One year ago, after President Obama won re-election with overwhelming support from the Latino community, Republicans in Congress, led by Senator Marco Rubio, produced a “framework” for comprehensive immigration reform that would include a path to citizenship for at least some of the nation’s 11 million undocumented immigrants. Enlightened elements of the GOP seemed to belatedly recognize that the party could only expect further and more resounding defeats at the ballot box as long as it continued to impede Latinos struggling to find security and success in this country. “There are signs that the stars are aligning in favor of reform,” The Nation editorialized last February, “but we shouldn’t get ahead of ourselves. The real battle begins now.”
It is difficult to do battle, however, when the other side refuses to take the field. After months of promiscuous footsy—partnering with the bipartisan Gang of Eight to write a comprehensive bill before abruptly ceasing cooperation and embracing draconian, deal-killing enforcement mechanisms—last October Rubio gave up on serious reform entirely, calculating—quite wrongly, we suspect—that there was more electoral gain in soothing the Tea Party’s race anxieties than in pursuing true justice for millions of new Americans.
Speaker of the House of Representatives John Boehner has now made the same faulty calculation, announcing last week that he thought it was unlikely immigration reform could be passed by the end of 2014. The cowardly retreat by congressional Republicans from a long-overdue comprehensive immigration overhaul—coming just days after releasing a list of their “principles” for future legislation—only underscores the extent to which the GOP is fatally out-of-touch with the pulse and future of this country.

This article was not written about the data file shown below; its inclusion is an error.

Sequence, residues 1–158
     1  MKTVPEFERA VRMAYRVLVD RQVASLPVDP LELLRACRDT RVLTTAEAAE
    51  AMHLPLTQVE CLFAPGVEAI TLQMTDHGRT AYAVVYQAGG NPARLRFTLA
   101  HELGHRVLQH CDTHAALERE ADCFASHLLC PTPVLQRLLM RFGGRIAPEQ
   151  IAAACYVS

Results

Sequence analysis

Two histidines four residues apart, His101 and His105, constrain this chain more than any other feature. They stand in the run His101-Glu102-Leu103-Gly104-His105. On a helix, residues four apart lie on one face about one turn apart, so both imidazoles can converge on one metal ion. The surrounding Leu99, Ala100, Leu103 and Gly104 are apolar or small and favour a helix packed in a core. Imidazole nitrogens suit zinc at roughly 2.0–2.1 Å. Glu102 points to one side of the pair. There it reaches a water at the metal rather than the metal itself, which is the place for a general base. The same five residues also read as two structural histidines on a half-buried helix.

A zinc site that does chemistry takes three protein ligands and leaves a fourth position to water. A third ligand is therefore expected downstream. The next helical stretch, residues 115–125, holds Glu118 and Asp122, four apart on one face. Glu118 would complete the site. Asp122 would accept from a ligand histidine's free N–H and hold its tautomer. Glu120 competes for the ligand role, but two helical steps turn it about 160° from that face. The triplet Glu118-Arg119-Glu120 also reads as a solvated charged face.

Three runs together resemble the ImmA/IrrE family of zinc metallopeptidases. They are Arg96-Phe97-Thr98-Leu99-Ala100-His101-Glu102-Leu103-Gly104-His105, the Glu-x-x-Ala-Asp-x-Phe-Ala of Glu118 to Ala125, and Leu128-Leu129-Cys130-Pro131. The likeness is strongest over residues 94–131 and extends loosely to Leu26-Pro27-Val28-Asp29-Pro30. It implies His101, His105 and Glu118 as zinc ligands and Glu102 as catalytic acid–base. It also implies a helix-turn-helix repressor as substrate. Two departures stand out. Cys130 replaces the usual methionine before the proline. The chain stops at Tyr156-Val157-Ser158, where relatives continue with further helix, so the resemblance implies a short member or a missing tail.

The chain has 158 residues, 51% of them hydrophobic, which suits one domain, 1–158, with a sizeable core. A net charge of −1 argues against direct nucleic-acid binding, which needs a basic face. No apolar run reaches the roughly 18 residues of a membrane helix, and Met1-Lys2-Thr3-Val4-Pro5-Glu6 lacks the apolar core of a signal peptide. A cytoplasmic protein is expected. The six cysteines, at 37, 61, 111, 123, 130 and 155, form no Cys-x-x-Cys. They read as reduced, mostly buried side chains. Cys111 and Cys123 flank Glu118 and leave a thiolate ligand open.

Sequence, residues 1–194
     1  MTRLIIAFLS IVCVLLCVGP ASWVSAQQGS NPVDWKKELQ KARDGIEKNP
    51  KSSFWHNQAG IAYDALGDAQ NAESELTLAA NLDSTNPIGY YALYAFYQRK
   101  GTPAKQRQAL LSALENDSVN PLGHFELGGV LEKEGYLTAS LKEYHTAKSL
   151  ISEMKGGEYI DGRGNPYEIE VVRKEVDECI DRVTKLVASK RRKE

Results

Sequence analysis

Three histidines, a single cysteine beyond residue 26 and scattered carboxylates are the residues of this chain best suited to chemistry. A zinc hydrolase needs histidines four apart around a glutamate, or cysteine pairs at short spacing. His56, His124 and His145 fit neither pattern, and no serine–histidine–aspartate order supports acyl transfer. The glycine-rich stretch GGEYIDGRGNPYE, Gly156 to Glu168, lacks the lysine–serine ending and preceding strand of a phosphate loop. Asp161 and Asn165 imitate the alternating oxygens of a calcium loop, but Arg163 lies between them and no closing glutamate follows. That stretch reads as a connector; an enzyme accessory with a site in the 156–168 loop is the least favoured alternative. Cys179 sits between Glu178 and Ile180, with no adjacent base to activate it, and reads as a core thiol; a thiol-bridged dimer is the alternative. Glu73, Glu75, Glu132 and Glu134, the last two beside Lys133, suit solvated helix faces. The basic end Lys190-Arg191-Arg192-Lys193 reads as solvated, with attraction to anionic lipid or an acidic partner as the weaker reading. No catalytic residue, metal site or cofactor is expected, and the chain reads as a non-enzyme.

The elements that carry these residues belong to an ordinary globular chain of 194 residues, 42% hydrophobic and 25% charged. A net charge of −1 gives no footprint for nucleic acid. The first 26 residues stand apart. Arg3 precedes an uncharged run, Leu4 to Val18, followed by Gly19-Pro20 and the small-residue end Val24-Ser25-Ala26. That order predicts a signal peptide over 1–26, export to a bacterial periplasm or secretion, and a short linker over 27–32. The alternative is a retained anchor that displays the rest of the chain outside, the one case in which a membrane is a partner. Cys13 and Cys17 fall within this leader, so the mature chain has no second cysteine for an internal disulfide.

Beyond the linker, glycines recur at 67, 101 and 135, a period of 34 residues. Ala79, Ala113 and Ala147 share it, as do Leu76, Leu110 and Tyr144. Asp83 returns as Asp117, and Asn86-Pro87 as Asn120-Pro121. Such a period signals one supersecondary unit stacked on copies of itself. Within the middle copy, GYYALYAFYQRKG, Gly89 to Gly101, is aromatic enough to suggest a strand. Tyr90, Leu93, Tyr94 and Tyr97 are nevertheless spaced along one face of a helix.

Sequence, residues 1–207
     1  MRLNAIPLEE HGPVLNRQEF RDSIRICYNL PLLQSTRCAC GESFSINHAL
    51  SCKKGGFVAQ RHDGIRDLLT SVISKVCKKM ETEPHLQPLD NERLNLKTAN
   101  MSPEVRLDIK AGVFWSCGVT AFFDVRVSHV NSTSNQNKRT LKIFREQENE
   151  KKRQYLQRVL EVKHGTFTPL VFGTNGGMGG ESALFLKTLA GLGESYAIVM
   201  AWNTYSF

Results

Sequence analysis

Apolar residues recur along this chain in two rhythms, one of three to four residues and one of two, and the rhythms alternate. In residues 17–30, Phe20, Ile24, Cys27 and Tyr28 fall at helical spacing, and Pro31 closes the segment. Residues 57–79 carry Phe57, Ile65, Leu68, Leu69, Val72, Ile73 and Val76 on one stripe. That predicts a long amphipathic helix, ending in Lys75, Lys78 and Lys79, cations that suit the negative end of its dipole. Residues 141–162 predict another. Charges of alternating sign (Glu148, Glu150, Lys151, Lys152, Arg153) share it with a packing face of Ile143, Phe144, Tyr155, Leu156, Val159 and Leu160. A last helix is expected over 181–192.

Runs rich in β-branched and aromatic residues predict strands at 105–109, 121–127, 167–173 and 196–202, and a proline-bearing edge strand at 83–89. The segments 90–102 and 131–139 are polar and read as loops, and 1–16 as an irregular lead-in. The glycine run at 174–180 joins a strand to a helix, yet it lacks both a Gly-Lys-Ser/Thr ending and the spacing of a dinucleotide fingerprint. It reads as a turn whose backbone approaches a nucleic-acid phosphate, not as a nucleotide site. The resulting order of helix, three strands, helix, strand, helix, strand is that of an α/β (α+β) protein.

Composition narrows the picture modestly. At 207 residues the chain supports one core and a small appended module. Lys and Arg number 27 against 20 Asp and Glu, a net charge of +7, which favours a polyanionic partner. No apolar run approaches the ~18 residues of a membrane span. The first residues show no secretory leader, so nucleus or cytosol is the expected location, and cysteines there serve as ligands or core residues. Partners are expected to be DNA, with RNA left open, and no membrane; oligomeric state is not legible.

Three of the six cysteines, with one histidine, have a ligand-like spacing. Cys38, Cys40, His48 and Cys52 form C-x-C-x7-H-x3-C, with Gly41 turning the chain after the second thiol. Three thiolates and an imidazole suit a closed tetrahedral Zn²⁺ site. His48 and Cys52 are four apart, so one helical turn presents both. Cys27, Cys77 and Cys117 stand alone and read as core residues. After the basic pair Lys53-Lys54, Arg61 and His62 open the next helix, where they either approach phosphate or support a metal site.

While the need for such legislation is unprecedented and the depths of Republican antipathy to immigrants never ceases to amaze, it’s worth recalling that on the issue of immigration as on much else there is little new under the sun. Ninety years ago, when another set of reactionary congressional Republicans were trying to pass a bill to restrict immigration—this time by further lowering quotas for Southern and Eastern European immigrants—The Nation published an editorial titled, “Land of the Noble Free.” The first line employed terminology now recognized as offensive, but the argument itself could easily have been written today:
Americans are all immigrants—all except the red Indians—and if the anthropologists be right, even they migrated from Asia. There is no American race; there is not even the established claim of centuries to plead the primary right of any one stock….Whence comes this myth that our country is the private property of some one racial stock? Whence come the arrogant assumptions of those who, like the chairman of the House Committee on Immigration, want to preserve a “racial homogeneity” which has never existed?…
It is a tragic thing that this country, built on the sweat and aspirations of immigrants, should so soon be fencing itself about with a wall. We are becoming the great example of national selfishness in all the world. While we bar human beings from our shores we bully weaker countries into granting American capital privileges alien to their national interests. We force Mexico to revise its oil laws, tell China how to use its customs, ask Russia to reconsider its view of private property, and everywhere claim the “open door”—for American capital—as an American policy. “Equal rights and opportunities, for capital, all over the world”—what a bitter slogan for America when a hungry peasant from South Italy, a persecuted Jew from Rumania, an Armenian whose home is a heap of ashes finds the door to America slammed in his face!
The Immigration Act of 1924 passed with overwhelming bipartisan support and was only superseded by the abolition of all immigration quotas in 1965. But as Boehner’s announcement made clear, its spirit remains very much alive. For a fuller history, see Strangers in Our Land, an e-book collection of The Nation’s writings on immigration going back to 1868, which will be published next month.
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